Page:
In the context of spectral decomposition of functions in $L^2(\Gamma \backslash \mathfrak{h})$, or Selberg trace formula, we come across three different types of spectrum.

First off there is the cuspidal spectrum, which consists of the eigenfunctions of the Laplacian $\Delta_k$ which also vanish at all the cusps. Secondly there is the continuous spectrum, which is spanned by the Eisenstein series which consists of $E(z,\frac 12 + it)$. Finally there is the residual spectrum which consists of functions $\operatorname{Res}_{s_0}(z,s)$ for various $s_0$.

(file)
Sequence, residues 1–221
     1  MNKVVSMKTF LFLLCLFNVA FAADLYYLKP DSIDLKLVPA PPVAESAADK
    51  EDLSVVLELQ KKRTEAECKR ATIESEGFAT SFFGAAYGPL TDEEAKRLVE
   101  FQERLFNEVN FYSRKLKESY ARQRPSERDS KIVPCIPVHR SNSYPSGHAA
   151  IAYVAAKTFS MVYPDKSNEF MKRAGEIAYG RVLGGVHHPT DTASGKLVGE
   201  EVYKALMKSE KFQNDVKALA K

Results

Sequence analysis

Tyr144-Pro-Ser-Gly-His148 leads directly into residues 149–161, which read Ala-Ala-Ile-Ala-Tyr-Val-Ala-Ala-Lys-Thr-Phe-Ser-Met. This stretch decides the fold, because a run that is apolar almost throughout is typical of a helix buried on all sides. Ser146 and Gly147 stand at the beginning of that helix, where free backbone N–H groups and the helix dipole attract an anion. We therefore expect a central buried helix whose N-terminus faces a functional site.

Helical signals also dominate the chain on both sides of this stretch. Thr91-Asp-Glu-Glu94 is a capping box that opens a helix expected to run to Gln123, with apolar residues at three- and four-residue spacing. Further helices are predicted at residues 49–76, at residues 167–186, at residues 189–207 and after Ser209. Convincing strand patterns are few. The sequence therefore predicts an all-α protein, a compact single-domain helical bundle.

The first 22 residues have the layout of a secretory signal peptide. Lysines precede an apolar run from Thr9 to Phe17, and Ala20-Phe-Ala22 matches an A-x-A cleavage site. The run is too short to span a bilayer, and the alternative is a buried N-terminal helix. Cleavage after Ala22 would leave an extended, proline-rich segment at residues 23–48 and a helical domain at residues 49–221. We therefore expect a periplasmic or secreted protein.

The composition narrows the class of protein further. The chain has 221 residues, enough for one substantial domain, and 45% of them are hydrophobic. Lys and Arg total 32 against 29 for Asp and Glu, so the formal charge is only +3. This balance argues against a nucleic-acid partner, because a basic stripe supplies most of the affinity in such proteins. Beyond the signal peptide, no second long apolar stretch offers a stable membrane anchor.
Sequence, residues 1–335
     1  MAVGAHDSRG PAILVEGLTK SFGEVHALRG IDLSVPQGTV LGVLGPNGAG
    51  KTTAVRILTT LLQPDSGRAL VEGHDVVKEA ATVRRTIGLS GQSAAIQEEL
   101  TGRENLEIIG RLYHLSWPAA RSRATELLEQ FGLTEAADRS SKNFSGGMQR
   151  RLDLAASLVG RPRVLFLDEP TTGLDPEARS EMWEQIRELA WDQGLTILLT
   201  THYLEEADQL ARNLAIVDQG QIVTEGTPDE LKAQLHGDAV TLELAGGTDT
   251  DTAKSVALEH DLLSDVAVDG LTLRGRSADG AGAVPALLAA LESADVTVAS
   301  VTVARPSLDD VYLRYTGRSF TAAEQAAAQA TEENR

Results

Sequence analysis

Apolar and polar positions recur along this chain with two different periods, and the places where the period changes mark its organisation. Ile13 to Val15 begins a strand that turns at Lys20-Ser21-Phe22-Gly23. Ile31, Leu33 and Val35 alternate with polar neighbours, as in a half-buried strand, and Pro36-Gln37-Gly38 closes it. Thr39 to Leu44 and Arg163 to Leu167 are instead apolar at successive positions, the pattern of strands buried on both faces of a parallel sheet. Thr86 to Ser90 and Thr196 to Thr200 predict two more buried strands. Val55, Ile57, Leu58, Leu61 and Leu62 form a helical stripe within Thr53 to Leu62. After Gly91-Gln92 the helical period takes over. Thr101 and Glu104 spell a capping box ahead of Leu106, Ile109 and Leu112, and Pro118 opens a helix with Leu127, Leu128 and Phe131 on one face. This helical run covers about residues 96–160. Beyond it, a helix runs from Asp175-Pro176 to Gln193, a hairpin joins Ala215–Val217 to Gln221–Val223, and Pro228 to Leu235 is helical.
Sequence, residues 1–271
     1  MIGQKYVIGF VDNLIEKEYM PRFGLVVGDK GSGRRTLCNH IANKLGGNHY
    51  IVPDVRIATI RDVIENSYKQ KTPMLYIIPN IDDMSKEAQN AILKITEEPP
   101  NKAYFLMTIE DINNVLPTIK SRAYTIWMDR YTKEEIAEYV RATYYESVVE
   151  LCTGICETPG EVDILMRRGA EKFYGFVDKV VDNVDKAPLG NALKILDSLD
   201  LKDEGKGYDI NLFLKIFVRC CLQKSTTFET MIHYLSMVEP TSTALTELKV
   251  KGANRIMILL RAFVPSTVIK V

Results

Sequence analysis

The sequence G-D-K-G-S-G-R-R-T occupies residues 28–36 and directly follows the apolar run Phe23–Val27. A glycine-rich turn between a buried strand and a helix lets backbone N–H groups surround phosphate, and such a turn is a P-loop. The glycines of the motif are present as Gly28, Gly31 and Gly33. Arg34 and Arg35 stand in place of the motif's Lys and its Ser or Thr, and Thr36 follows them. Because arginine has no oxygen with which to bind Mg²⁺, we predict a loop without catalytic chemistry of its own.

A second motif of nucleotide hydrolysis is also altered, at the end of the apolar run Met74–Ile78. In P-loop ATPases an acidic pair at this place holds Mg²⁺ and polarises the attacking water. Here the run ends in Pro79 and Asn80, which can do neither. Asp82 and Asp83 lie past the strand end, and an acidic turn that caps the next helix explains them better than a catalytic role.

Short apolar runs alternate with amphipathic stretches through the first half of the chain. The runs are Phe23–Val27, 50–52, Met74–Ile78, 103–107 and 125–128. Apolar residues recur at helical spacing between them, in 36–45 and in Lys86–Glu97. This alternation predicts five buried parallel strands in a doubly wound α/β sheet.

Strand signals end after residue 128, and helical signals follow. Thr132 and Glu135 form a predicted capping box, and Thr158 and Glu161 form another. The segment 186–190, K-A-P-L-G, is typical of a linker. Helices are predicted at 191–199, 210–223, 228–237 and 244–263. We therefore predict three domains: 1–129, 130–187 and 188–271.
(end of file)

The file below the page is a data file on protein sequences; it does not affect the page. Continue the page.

From the point of view of functional analysis of the operator $\Delta_k$ what distinguishes the residual spectrum from the cuspidal spectrum? They both lie in $L^2$ and they both are eigenfunctions of the Laplacian.

In the terminology of functional analysis, one calls a number $\lambda$ in the residual spectrum of an operator $T$, if $T - \lambda I$ is injective but not surjective. I suspect that these two concepts of residuality have nothing to do with each other.